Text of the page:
Do You Ever Feel Unappreciated in Your Family?

Greetings! Fathers can often feel unappreciated in their families. Usually what this means is that they’ve forgotten a fundamental rule of being successful in their family relationships. If you ever feel unappreciated in your family, this article might be just for you. Enjoy!

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I’d had about as much as I could handle for one day.

My computer was frozen, I was tired from a weekend with little sleep, and I was working in a yard that would soon need a scythe to cut it. Kids activities were crowding an already crowded schedule, and there seemed like no time to relax.

When do other people find the time to do all these things?

As I entered my house, I marveled at how sore a human body could get from yard work. I was still annoyed that my kids had left stuff in the backyard after repeated requests to pick them up. And, I’d been noticing that the rest of my family had done their share of relaxing while I toiled in the yard. I needed about a month to get caught up, and I was not ready for any more to be put on my plate.

“Honey, will you make dinner?” my wife called from the family room.

A very angry voice appeared in my head, saying things to me which weren’t supportive of maintaining a kind, loving family. I considered a few suggestions from this voice, before discussing the dinner plans with my wife. It became clear from this discussion that my wife had her own issues going on.

I swallowed hard, and went into the kitchen to start dinner. The angry voices went with me. “That’s some gratitude for you!” I said to myself. “Does anyone notice how hard I’m working? I’m absolutely invisible!”

Where was the adoration for a job well done in the yard? Where was the back massage and cold drink that I was so deserving of? (The fantasies of a victim have no boundaries!).

In the drama that played out in my head, I was a hard-working father who did all the right things, and a victim of an unappreciative family. I felt completely justified in blaming my family for not acknowledging me more. And of course, by blaming them I would spread the virus of blame around my family faster than a brush fire. I would feel “right,” and I could feel justified in seeing them as “wrong,” and as “blameworthy.”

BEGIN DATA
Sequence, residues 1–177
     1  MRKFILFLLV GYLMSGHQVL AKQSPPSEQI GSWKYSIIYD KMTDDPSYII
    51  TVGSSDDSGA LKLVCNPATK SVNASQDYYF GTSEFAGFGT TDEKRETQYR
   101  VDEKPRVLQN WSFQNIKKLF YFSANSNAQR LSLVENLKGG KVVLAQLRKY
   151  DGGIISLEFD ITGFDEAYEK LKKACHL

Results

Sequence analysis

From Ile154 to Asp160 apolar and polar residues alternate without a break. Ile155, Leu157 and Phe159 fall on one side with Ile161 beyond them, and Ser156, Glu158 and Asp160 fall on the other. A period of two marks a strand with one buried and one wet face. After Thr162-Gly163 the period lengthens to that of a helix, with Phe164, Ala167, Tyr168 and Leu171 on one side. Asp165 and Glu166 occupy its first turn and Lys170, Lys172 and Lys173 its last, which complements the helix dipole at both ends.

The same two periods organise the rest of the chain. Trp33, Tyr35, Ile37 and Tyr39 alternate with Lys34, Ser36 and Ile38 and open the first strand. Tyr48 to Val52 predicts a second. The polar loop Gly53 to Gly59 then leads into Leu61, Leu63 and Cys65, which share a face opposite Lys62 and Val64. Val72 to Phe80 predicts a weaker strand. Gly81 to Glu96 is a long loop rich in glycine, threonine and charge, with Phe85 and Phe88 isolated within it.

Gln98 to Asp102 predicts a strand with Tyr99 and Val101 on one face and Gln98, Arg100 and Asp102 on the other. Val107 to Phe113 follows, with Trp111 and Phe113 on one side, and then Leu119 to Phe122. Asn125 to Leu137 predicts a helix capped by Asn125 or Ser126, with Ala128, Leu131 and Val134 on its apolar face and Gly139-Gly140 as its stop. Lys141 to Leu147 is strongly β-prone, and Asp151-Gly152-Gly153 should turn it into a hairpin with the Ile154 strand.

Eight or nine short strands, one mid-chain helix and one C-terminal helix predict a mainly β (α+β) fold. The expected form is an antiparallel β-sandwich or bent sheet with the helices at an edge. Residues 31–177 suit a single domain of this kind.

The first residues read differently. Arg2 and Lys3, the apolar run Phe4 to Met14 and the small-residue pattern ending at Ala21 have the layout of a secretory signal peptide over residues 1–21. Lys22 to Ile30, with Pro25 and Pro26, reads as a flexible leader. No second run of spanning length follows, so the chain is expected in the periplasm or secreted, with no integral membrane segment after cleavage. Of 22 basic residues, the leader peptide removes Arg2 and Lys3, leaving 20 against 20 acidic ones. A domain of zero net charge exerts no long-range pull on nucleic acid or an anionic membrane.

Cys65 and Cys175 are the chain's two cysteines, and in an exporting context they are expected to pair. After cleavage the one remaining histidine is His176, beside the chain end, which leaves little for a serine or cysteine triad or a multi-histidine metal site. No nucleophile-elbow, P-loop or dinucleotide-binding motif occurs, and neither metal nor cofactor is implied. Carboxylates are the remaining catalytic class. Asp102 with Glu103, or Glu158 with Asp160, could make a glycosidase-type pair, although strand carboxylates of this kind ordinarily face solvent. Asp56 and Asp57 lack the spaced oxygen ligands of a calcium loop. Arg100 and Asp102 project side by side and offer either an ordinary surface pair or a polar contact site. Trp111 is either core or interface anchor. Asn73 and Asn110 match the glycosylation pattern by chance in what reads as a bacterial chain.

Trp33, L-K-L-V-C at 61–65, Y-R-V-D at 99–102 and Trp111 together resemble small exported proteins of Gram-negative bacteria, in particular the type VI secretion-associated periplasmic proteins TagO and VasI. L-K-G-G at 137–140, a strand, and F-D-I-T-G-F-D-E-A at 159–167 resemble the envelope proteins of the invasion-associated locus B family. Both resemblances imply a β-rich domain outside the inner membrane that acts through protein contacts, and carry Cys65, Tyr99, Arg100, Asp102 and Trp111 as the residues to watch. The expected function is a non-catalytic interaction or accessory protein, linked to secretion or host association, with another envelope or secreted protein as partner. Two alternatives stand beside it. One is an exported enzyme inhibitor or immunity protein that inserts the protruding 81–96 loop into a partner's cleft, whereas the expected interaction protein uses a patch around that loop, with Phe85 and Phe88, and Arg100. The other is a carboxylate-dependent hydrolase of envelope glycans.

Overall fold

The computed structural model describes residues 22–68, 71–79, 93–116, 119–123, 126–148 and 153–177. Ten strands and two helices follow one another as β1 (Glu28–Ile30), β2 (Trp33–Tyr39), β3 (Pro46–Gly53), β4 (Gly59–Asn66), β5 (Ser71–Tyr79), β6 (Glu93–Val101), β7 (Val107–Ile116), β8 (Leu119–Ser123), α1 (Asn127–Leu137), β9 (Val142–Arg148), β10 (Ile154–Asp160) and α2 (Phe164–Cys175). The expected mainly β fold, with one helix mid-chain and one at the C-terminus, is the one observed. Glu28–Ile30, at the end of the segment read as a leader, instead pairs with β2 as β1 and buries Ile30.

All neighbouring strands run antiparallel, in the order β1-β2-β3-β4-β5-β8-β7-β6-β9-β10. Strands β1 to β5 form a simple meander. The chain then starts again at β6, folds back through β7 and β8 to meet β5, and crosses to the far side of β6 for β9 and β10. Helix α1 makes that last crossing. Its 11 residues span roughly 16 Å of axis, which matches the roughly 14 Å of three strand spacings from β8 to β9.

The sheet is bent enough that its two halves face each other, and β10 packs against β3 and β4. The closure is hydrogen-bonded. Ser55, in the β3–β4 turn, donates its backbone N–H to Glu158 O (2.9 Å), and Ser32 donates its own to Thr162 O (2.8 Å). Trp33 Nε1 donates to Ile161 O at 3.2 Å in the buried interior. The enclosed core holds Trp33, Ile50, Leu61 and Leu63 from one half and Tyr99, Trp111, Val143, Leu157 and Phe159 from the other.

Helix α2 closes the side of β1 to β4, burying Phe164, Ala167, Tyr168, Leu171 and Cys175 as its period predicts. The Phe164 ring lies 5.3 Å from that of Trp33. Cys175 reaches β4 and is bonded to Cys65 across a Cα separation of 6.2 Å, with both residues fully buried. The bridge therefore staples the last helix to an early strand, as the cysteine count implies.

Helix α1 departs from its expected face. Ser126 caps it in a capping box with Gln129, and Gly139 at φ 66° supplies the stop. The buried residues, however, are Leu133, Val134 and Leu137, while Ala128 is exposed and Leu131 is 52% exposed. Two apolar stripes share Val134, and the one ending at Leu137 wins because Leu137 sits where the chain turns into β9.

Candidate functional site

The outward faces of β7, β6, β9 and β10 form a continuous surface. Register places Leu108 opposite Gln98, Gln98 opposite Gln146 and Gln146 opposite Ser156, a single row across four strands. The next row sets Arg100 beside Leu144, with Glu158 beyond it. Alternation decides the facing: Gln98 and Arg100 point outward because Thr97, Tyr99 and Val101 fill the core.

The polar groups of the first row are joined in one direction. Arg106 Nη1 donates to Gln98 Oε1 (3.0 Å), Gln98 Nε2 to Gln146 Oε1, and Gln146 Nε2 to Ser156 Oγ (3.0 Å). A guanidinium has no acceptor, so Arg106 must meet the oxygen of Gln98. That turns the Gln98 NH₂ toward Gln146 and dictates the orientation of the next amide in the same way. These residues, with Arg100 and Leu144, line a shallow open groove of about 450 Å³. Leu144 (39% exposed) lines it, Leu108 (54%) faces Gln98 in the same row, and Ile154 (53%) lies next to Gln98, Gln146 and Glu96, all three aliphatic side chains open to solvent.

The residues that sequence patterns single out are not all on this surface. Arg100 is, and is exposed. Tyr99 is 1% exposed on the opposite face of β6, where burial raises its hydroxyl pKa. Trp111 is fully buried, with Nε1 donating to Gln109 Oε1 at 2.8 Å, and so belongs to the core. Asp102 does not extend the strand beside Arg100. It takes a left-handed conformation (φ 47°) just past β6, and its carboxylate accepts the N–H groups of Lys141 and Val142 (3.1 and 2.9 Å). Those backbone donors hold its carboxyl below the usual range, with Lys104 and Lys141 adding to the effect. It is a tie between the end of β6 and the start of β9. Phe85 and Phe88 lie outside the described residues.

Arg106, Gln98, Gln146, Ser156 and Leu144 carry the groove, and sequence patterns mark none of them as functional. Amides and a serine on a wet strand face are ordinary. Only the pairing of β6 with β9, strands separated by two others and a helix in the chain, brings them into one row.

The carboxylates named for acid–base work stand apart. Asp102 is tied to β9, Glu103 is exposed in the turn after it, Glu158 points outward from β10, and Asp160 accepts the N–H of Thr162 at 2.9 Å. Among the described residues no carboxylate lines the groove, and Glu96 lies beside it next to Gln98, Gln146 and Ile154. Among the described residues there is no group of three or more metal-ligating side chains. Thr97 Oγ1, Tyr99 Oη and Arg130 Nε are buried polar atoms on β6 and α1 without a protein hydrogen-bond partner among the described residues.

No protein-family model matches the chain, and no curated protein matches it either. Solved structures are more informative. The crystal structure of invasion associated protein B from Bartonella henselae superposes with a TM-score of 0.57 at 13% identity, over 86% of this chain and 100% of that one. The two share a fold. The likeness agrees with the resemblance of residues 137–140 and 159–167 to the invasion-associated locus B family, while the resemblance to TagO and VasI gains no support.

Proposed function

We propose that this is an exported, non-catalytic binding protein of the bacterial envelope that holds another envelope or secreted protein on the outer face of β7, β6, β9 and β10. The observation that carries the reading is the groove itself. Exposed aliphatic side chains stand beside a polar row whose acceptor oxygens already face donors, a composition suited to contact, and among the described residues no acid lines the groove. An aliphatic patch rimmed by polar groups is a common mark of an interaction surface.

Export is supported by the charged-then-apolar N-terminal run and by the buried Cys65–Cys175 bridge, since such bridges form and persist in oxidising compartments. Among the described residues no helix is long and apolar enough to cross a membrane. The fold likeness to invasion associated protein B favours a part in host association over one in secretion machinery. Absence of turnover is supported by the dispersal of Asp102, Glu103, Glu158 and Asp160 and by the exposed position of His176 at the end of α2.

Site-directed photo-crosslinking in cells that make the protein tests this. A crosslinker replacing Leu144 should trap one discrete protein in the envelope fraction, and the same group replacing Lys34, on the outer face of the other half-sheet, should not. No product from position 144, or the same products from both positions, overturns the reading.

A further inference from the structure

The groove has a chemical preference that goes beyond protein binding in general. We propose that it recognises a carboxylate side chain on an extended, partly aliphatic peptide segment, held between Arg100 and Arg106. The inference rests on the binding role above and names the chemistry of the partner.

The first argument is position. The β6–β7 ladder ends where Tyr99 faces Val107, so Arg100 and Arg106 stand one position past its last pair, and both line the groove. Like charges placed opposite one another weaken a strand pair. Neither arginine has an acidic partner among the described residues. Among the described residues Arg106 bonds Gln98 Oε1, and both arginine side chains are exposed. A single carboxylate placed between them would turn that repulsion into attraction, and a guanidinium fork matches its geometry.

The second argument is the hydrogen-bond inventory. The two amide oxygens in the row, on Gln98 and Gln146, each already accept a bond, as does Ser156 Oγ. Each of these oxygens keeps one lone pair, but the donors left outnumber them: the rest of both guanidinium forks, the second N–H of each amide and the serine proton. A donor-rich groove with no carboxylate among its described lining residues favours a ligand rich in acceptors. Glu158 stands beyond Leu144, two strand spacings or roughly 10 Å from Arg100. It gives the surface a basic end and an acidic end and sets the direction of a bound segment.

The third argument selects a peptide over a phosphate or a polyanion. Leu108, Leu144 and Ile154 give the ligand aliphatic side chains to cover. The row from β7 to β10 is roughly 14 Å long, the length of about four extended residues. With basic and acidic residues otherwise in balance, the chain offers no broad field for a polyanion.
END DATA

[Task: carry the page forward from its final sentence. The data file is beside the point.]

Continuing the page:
Fortunately for me, there was no back massage and no cold drink. There was not even any acknowledgement for a job well done. There was only my own realization that I had failed to remember my purpose in my family and on this earth. I had failed to remember that I am not “owed” love by my family. Our job as parents is to discover love as the fundamental fact of life. It is to bring this expression of our love into the world.

Parents across the world have reason to be grateful, for we’ve all embarked on the world’s most complete and intensive course on love. While we may resist it at times, we’re called every day to express the deep reservoir of love within us. But sometimes, because we’re busy blaming others, we miss the call completely.

Fathers go through periods when they feel “outside” of their family. We feel neglected, or we feel invisible. Or, we may feel like we’re simply a “paycheck.” But what’s really happened is we’ve forgotten we’re not on this planet to “get” love from our family members. We’re here to discover the boundless love that’s always been in us.